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- Before & After
I had the procedure done, but I was not told if I could tan.
I generally advise patient to wait a month before tanning
Michael D. Ingegno
The doctor (Dr. Herion) would not recommend ultraviolet light tanning beds which may lead to tinting of the skin for the first 2 weeks. Spray tan is OK.
James A. Heinz-M.A.H.A.
It is better wait until the surface is healed. Anytime the skin is perforated (needles/laser) there is an increased chance of developing pigmentation in those areas.
This applies to self tanner also.
If you are undergoing a series of sclerotherapy, then we advise not to tan between treatments.
Part of what we do is to educate prospective patients to start their treatments in the fall and early winter so that they are finished and resolved before the warm weather starts.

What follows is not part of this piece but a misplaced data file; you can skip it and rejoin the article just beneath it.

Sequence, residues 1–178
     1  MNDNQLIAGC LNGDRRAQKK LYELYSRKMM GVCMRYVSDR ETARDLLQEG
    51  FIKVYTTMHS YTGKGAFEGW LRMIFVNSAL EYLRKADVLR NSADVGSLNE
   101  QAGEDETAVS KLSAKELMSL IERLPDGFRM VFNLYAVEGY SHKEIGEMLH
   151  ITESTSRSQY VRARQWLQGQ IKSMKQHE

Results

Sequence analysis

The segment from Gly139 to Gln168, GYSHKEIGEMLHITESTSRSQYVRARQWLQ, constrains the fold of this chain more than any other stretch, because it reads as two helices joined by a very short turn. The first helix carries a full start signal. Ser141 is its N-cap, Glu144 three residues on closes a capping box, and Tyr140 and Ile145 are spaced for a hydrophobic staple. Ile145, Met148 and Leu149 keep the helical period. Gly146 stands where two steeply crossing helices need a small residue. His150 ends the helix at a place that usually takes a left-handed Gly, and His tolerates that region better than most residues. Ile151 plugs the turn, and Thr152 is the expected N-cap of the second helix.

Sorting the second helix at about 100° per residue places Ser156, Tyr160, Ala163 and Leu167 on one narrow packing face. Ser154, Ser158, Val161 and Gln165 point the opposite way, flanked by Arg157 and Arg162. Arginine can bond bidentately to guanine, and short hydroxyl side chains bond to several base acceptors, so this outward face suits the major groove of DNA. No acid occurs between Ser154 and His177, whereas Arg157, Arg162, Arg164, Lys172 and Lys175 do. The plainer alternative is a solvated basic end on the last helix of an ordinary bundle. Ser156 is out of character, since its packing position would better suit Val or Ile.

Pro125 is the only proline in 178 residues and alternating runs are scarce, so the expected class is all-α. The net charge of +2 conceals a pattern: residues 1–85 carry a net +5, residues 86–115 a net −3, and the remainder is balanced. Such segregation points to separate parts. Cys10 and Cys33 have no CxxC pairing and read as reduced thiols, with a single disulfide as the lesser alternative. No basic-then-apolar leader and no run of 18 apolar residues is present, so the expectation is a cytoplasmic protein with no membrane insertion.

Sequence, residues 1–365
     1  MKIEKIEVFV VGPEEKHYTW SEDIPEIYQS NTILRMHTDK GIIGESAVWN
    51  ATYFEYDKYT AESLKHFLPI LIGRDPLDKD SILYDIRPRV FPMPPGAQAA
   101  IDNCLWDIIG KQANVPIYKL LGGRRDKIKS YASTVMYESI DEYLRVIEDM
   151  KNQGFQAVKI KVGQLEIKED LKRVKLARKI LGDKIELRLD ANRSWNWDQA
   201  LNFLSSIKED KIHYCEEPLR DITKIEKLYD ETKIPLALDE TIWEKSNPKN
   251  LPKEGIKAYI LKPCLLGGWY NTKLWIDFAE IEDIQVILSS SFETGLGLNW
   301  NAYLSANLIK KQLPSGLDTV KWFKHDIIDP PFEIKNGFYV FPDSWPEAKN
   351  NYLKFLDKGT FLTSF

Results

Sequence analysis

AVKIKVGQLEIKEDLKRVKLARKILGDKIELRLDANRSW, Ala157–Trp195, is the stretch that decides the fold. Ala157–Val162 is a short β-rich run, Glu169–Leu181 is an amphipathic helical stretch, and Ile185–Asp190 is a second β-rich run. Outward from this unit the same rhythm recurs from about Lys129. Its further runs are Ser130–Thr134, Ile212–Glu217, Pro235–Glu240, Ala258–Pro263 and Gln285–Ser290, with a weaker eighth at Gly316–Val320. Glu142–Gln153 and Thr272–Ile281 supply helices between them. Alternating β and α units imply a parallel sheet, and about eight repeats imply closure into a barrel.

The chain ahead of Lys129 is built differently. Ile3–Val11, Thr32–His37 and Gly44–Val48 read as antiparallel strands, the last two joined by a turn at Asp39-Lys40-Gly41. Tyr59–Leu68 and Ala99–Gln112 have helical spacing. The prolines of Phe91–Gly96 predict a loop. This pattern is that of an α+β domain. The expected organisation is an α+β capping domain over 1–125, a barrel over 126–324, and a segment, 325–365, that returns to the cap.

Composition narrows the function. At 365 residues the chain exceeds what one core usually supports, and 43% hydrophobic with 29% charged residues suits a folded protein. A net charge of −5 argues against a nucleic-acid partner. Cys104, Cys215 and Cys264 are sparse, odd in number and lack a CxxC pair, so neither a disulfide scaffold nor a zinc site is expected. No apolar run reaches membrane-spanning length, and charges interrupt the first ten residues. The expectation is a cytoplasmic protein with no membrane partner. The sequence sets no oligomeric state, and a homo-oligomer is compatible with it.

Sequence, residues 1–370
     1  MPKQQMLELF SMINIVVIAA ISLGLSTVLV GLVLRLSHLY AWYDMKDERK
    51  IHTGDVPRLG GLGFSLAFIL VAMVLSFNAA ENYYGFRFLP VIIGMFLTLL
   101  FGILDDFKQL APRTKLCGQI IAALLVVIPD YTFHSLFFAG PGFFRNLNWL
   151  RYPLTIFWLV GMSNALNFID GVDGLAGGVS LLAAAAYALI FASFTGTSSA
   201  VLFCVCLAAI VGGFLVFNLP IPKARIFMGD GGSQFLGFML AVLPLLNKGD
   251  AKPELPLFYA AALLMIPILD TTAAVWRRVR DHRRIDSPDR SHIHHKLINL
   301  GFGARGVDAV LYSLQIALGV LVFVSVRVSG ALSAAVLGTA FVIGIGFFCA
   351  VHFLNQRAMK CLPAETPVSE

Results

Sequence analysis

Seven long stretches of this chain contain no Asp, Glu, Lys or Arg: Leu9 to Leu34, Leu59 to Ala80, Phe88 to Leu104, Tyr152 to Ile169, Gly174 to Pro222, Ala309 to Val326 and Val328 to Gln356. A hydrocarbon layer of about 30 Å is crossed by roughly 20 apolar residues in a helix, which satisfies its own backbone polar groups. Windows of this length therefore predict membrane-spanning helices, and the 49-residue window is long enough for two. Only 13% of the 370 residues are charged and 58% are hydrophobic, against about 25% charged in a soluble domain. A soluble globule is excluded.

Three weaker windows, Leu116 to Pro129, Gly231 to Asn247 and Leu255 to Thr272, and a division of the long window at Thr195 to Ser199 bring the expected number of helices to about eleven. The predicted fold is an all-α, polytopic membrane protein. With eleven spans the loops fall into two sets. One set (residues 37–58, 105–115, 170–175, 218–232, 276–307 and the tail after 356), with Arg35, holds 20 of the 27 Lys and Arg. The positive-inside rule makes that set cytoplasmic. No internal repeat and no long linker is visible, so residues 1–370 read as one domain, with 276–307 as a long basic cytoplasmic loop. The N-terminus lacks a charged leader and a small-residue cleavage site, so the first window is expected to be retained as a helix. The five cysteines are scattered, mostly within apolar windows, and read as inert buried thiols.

Of course we don't recommend tanning at all due to increasing incidence of skin cancer and premature aging. Every "burn" causes permanent damage. A good self tanner is a safer way to go.
Norman N. Bein MD FACS RVT
Avoid sun exposure to the treated area until it has full heals, 4 to 6 weeks.
You should avoid tanning for at least a week after sclerotherapy and use ample sunscreen. Sclerotherapy can displace blood from the veins and the vein walls can burn, even though your skin will not. This will cause dark brown marks in those areas, which is not cosmetically appealing.
Sun exposure in the early stages after sclerotherapy may increase the likelihood of hyperpigmentation, a darker pigment in the skin overlying the treated veins. Wait until you are sure you are not developing hyperpigmentation, a minimum of several weeks.
Stephen F. Daugherty, MD, FACS, RVT, RPhS
I would recommend avoiding sun exposure for at least one week after sclerotherapy and using a sun block for an additional week. Usually within 48 hours all effects of sclerotherapy other than bruising are gone but I do not think it is a good idea to sunburn over areas treated.